WatermarkStrategy.withIdleness() method allows you to mark a stream as idle if no events arrive within a configured time (i.e. a timeout duration), which in turn allows handling event time skew properly and preventing idle partitions from holding back the event time progress of the entire application. Users can already benefit from per-partition idleness detection in the Kafka connector, which has been adapted to use the new interfaces (FLINK-17669).
Note FLIP-126 introduces no breaking changes, but we recommend that users give preference to the new
WatermarkGenerator interface moving forward, in preparation for the deprecation of the legacy watermark assigners in future releases.
New Data Source API (Beta) #
Up to this point, writing a production-grade source connector for Flink was a non-trivial task that required users to be somewhat familiar with Flink internals and account for implementation details like event time assignment, watermark generation or idleness detection in their code. Flink 1.11 introduces a new Data Source API (FLIP-27) to overcome these limitations, as well as the need to rewrite separate code for batch and streaming execution.
Separating the work of split discovery and the actual reading of the consumed data (i.e. the splits) in different components — resp. the
SourceReader — allows mixing and matching different enumeration strategies and split readers.
As an example, the existing Kafka connector has multiple strategies for partition discovery that are intermingled with the rest of the code. With the new interfaces in place, it would only need a single reader implementation and there could be several split enumerators for the different partition discovery strategies.
Batch and Streaming Unification
Source connectors implemented using the Data Source API will be able to work both as a bounded (batch) and unbounded (streaming) source. The difference between both cases is minimal: for bounded input, the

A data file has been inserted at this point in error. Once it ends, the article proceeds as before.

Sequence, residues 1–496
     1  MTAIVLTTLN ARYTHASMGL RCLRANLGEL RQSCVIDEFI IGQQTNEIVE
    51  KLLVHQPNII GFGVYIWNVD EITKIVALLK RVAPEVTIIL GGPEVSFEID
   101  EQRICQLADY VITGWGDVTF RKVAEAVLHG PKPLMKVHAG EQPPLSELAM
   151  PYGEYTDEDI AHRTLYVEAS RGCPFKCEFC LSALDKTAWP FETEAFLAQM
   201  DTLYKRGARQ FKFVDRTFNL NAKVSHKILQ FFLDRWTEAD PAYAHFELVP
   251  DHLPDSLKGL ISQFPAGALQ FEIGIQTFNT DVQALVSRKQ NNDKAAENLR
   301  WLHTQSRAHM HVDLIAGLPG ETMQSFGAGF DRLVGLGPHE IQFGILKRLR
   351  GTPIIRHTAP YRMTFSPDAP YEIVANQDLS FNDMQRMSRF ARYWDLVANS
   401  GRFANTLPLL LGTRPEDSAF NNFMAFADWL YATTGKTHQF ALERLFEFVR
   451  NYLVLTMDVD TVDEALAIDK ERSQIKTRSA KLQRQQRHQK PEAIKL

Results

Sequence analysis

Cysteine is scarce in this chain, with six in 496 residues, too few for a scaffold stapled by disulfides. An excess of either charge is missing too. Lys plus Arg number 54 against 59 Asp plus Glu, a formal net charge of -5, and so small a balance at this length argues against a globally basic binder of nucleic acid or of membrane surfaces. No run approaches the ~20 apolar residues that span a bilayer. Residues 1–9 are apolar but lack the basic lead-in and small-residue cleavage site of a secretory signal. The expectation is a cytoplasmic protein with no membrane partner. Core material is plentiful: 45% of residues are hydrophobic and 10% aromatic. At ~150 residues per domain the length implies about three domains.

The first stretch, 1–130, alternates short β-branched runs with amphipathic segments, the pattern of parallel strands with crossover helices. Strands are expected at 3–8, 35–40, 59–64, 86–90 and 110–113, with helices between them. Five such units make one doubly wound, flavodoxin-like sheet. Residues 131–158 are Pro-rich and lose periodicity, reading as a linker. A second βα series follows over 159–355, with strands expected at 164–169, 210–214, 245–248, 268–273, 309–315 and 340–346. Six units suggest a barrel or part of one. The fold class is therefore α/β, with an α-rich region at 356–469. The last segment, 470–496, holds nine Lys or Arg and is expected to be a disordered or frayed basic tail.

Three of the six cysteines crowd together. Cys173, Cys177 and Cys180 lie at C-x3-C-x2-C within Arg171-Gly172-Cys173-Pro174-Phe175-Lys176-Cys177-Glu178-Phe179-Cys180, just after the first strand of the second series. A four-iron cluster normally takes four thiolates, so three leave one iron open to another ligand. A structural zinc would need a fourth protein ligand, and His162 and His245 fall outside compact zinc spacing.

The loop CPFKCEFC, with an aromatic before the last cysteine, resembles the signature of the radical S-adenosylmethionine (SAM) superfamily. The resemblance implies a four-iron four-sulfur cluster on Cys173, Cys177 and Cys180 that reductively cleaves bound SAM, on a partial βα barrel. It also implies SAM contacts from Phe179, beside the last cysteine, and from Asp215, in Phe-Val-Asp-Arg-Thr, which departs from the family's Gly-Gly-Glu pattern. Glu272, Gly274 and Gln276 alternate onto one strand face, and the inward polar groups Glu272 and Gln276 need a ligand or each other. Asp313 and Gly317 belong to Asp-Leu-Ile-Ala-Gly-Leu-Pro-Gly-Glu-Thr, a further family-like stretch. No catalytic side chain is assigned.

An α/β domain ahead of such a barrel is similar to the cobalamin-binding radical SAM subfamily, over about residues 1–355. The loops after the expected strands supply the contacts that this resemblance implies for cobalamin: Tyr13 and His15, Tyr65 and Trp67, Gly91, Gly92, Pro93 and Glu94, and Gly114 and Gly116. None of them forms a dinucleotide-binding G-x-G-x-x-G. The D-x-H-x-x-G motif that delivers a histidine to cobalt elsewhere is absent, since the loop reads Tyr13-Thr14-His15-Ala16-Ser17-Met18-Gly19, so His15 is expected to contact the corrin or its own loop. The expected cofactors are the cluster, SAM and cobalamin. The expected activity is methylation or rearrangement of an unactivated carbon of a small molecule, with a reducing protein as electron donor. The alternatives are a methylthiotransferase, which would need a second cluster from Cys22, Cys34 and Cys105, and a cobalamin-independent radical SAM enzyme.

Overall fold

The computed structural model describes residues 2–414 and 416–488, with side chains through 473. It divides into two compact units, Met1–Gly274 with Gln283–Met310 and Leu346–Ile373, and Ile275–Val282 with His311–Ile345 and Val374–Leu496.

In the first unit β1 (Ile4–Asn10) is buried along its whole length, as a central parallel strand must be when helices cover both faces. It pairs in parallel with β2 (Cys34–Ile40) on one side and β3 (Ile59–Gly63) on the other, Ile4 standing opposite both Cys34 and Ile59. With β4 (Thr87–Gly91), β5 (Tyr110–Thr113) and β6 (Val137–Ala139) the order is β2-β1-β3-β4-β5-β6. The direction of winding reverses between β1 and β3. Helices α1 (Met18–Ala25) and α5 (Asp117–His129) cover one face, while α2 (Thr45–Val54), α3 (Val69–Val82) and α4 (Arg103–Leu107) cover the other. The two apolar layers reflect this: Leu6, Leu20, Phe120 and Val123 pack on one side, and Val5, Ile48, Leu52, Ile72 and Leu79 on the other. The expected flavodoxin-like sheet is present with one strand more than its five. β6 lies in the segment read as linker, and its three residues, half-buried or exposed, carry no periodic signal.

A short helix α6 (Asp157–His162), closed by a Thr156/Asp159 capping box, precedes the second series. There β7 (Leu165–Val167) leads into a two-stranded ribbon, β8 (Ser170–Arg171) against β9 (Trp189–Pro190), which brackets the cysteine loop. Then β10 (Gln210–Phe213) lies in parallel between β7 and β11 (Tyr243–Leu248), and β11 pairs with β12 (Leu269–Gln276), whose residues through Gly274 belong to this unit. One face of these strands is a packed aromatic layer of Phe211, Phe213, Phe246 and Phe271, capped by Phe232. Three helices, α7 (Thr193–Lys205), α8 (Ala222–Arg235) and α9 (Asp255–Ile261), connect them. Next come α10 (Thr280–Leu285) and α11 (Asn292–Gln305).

SplitEnumerator will generate a fixed set of splits and each split is finite; for unbounded input, either the splits are not finite or the
SplitEnumerator keeps generating new splits.
Implicit Watermark and Event Time Handling
WatermarkGenerator run transparently as part of the
SourceReader component, so users also don’t have to implement any timestamp extraction or watermark generation code.
Note The existing source connectors have not yet been reimplemented using the Data Source API — this is planned for upcoming releases. If you’re looking to implement a new source, please refer to the Data Source documentation and the tips on source development.
Application Mode Deployments #
Prior to Flink 1.11, jobs in a Flink application could either be submitted to a long-running Flink Session Cluster (session mode) or a dedicated Flink Job Cluster (job mode). For both these modes, the
main() method of user programs runs on the client side. This presents some challenges: on one hand, if the client is part of a large installation, it can easily become a bottleneck for
JobGraph generation; and on the other, it’s not a good fit for containerized environments like Docker or Kubernetes.
From this release on, Flink gets an additional deployment mode: Application Mode (FLIP-85); where the
main() method runs on the cluster, rather than the client. The job submission becomes a one-step process: you package your application logic and dependencies into an executable job JAR and the cluster entrypoint (
ApplicationClusterEntryPoint) is responsible for calling the
main() method to extract the
In Flink 1.11, the community worked to already support application mode in Kubernetes (FLINK-10934).
Other Improvements #
Unified Memory Configuration for JobManagers (FLIP-116)
Following the work started in Flink 1.10 to improve memory management and configuration, this release introduces a new memory model that aligns the JobManagers’ configuration options and terminology with that introduced in FLIP-49 for TaskManagers. This affects all deployment types: standalone, YARN, Mesos and the new active Kubernetes integration.
Attention Reusing a previous Flink configuration without any adjustments can result in differently computed memory parameters for the JVM and, as a result, performance changes or even failures. Make sure to check the migration guide if you’re planning to update to the latest version.
Improvements to the Flink WebUI (FLIP-75)
In Flink 1.11, the community kicked off a series of improvements to the Flink WebUI. The first to roll out are better TaskManager and JobManager log display (FLIP-103), as well as a new thread dump utility (FLINK-14816). Some additional work planned for upcoming releases includes better backpressure detection, more flexible and configurable exception display and support for displaying the history of subtask failure attempts.
Docker Image Unification (FLIP-111)